Objectives: COMMIT (Community Intervention Trial for Smoking Cessation) investigated whether a community-level multichannel intervention would decrease the prevalence of adult cigarette smoking and increase quitting, with heavy smokers (> or = 25 cigarettes per day) receiving the highest priority.
Methods: One community within each of 11 matched community pairs (10 in the United States, 1 in Canada) was randomly assigned to intervention. Baseline (1988) and final (1993) telephone surveys sampled households to determine prevalence of smoking behavior.
Results: Among the target population aged 25 to 64 years, there was no intervention effect on heavy smoking prevalence, which decreased by 2.9 percentage points in both intervention and comparison communities. Overall smoking prevalence decreased by 3.5 in intervention communities vs 3.2 in comparison communities, a difference not statistically significant, while the mean quit ratios were 0.198 versus 0.185, respectively, a difference of 0.013 (90% test-based confidence interval = -0.003, 0.028).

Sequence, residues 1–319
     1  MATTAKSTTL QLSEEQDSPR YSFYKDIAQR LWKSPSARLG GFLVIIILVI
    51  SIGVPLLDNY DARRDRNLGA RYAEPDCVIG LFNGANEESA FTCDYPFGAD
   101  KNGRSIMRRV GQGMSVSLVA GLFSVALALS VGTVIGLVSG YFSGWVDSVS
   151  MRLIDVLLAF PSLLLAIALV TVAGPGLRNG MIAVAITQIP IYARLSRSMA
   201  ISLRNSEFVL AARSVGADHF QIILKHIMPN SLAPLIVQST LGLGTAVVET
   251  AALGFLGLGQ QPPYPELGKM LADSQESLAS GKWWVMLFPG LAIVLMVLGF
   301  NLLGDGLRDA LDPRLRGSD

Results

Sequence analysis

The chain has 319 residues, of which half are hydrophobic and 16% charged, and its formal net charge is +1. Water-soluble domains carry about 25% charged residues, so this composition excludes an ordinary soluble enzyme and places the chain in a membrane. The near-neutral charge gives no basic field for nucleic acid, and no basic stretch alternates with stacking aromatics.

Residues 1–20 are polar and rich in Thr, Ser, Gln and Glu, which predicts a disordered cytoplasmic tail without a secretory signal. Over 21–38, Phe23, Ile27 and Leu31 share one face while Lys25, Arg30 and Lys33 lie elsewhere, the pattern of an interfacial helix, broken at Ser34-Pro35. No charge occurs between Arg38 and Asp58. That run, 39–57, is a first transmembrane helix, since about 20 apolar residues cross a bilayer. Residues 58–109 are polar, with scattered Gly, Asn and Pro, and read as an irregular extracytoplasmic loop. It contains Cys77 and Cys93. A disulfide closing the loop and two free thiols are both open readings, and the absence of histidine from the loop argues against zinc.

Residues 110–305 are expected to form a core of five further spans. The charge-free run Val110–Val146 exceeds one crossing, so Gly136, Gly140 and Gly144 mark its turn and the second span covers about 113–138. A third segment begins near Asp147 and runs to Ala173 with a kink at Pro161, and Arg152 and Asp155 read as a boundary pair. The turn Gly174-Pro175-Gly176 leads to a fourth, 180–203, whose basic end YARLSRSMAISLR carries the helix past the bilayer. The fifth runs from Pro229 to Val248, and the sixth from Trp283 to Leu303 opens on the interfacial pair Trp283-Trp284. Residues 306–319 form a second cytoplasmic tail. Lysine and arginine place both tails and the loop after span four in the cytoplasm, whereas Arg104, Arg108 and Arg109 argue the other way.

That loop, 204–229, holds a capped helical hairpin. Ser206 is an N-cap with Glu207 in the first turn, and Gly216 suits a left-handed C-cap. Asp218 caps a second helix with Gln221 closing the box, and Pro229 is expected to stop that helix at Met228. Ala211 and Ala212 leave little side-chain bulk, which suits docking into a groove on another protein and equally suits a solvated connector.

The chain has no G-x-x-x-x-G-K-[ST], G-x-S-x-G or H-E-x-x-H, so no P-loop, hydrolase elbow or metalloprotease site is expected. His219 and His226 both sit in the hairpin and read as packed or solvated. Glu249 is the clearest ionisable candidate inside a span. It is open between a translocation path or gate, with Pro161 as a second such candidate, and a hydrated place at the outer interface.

Conclusions: Results are consistent with the cohort analysis reported separately, although the more powerful cohort design showed a statistically significant intervention effect upon light-to-moderate smokers. This community-based intervention did not have a significant impact on smoking prevalence beyond the favorable secular trends. In future efforts, additional strategies should be incorporated and rigorously evaluated.